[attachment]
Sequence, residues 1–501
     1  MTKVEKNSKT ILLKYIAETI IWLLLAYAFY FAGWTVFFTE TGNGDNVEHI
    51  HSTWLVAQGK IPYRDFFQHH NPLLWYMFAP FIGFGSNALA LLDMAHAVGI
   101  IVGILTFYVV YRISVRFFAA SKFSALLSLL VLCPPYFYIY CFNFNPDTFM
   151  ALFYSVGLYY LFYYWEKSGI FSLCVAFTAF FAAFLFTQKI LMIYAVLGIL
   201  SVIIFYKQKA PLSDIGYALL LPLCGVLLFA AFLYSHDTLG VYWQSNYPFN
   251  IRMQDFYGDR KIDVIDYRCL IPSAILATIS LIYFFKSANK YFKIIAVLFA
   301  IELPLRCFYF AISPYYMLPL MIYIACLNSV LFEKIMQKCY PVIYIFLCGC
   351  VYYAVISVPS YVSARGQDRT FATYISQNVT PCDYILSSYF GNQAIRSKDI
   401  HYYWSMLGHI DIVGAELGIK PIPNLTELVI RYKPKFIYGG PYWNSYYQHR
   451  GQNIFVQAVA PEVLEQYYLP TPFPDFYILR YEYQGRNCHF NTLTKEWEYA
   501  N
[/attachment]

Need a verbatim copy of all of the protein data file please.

Sequence, residues 1–501
     1  MTKVEKNSKT ILLKYIAETI IWLLLAYAFY FAGWTVFFTE TGNGDNVEHI
    51  HSTWLVAQGK IPYRDFFQHH NPLLWYMFAP FIGFGSNALA LLDMAHAVGI
   101  IVGILTFYVV YRISVRFFAA SKFSALLSLL VLCPPYFYIY CFNFNPDTFM
   151  ALFYSVGLYY LFYYWEKSGI FSLCVAFTAF FAAFLFTQKI LMIYAVLGIL
   201  SVIIFYKQKA PLSDIGYALL LPLCGVLLFA AFLYSHDTLG VYWQSNYPFN
   251  IRMQDFYGDR KIDVIDYRCL IPSAILATIS LIYFFKSANK YFKIIAVLFA
   301  IELPLRCFYF AISPYYMLPL MIYIACLNSV LFEKIMQKCY PVIYIFLCGC
   351  VYYAVISVPS YVSARGQDRT FATYISQNVT PCDYILSSYF GNQAIRSKDI
   401  HYYWSMLGHI DIVGAELGIK PIPNLTELVI RYKPKFIYGG PYWNSYYQHR
   451  GQNIFVQAVA PEVLEQYYLP TPFPDFYILR YEYQGRNCHF NTLTKEWEYA
   501  N